For decades, Vanderbilt was a football lightweight.
Vanderbilt head coach James Franklin has changed the attitude surrounding the program. Last year, the Commodores had their first nine-win season in nearly a century.
The Commodores were the whipping boys of the Southeast and frequently found themselves on the wrong side of brutal beat downs. A charter member of the Southeastern Conference, Vanderbilt had a hard time competing with the big kids in the neighborhood and only had four winning seasons between 1960 and 2000.
It was an accepted fact among college football fans: Southern schools like Vanderbilt and Duke would produce high-caliber graduates and patiently wait until basketball season to make an impression. Football was for the state schools, which had more fans, resources and recruiting clout. The smart kids could come by on Saturday, but most of the time they left with a black eye and without their lunch money.
James Franklin has taught Vanderbilt how to punch back.
The Commodores had their first nine-win season since 1915 last year, and they did so behind one of the best defenses in the country. After suffering a 31-17 loss at the hands of Florida, Vanderbilt won seven games in a row and crushed several opponents – including UMass – on their unprecedented path.
Recruits have been paying attention, and Vanderbilt's 2013 class was one of the top 30 in the country. Zach Cunningham, a four-star outside linebacker from Alabama, chose Vandy over offers from Auburn, Oregon and the Crimson Tide. That's right: Vanderbilt out-recruited 'Bama in its own backyard.
The Commodores quite literally had the best 12 months in school history. It was going to be a tough act to follow.
Franklin's gang has had a slow start to the 2013 season and suffered losses to Ole Miss and South Carolina. The 39-35 loss to Mississippi was tough to swallow. It was Vandy's home opener, and the visitors scored the game winner on a 75-yard run with a little more than a minute remaining.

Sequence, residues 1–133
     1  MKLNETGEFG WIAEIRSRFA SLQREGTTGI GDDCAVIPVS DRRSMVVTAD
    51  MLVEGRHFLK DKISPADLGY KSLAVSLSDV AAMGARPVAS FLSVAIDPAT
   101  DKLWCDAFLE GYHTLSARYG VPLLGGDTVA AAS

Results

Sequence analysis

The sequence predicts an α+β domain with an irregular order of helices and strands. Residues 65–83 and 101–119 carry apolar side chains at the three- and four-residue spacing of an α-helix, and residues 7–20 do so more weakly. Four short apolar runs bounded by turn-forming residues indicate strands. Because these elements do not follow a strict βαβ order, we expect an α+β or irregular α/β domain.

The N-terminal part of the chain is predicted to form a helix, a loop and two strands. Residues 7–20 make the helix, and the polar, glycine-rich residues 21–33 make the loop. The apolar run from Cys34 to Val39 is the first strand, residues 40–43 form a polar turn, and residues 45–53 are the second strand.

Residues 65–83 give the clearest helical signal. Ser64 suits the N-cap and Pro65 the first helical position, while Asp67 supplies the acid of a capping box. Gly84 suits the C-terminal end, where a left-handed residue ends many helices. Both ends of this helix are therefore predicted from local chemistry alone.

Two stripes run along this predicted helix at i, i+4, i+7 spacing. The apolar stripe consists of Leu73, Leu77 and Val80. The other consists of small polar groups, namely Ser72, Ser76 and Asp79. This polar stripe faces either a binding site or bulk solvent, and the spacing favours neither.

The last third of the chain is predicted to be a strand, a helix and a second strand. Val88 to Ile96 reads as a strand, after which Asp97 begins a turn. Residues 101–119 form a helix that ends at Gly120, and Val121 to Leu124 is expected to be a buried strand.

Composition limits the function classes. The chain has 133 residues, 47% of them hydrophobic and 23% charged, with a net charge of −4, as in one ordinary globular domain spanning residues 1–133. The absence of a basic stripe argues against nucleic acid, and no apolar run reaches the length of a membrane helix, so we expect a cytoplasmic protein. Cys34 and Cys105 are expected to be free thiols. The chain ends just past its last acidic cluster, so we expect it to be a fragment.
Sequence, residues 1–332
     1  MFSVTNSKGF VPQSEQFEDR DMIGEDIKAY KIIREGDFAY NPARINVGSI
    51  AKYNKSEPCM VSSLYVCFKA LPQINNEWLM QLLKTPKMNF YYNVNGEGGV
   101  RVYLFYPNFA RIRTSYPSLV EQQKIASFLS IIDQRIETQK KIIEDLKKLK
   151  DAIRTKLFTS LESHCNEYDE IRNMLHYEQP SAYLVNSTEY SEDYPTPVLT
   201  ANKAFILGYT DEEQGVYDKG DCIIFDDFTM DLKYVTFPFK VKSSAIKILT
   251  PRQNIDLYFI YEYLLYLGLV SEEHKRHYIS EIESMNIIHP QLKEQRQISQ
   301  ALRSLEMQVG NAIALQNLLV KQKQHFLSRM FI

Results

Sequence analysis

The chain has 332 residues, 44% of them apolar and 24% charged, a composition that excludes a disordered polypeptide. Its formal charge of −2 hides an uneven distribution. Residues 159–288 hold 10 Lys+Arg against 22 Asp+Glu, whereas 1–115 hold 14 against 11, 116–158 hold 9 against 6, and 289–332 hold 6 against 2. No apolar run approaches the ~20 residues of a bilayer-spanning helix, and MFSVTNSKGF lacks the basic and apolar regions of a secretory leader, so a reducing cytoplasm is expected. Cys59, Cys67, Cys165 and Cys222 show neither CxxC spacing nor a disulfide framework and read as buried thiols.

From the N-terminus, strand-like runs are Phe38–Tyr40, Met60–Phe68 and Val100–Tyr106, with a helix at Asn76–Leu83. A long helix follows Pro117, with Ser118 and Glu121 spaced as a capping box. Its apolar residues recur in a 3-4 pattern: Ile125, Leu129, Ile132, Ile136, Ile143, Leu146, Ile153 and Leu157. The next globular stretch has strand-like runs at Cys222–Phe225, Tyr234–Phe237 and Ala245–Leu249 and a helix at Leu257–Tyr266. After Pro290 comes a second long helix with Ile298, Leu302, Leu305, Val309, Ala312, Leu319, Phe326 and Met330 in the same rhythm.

After the game, Franklin made an impassioned speech, which showed the college football world why his players would run through walls for him.
There's no doubt that Vanderbilt is still a team of underdogs – relatively speaking, of course. The Commodores don't yet have the same blue-chip athletes as their conference mates, and they still make a living by playing tough, or “Anchoring Down,” as Franklin likes to say.
Vandy's offense is led by Jordan Matthews, who is on the cusp of being the program's all-time leading receiver. As a junior, Matthews had a school-record 1,323 yards and eight touchdowns. He is on pace to have another spectacular season with nearly 400 yards in just three games. There were concerns that he and quarterback Austyn Carta-Samuels wouldn't be on the same page in their first year together. That hasn't been a problem.
Franklin is using Wesley Tate and Jerron Seymour to pace Vanderbilt's two-man rushing attack. Both have been adequate, but the Commodores are going to need more on the ground if they want to expose SEC defenses. The offensive line has done its job, and star left tackle Wesley Johnson looks poised for a big senior year.
The defense has gotten pushed around a bit, but with six returning starters it should start to jell. The secondary is Vandy's strength, and Kenny Ladler is the unit's leader. Ladley led the team with 90 tackles and had two interceptions. UMass fans will be happy to hear that Tre Wilson graduated. He had a pick-six against the Minutemen in Vandy's lopsided 49-7 victory.
At linebacker, the Commodores bring back Chase Garnham, who led the deam with seven sacks in 2012. The 6-foot-3, 235-pound athlete is a handful for opposing defenses and plays linebacker the way Mike Alstott used to play running back. Walker May has the most experience on the line and plays tough off the edge.
Senior Casey Spear is an adequate kicker, and Taylor Hudson won the fall camp punting competition.
Things seem to be going in the right direction down in Nashville. With Franklin at the helm, the Commodores are no longer a doormat in the SEC.
However, in an area still dominated by state schools bankrolled by good-'ole-boys, repeating last year's performance will be tough.
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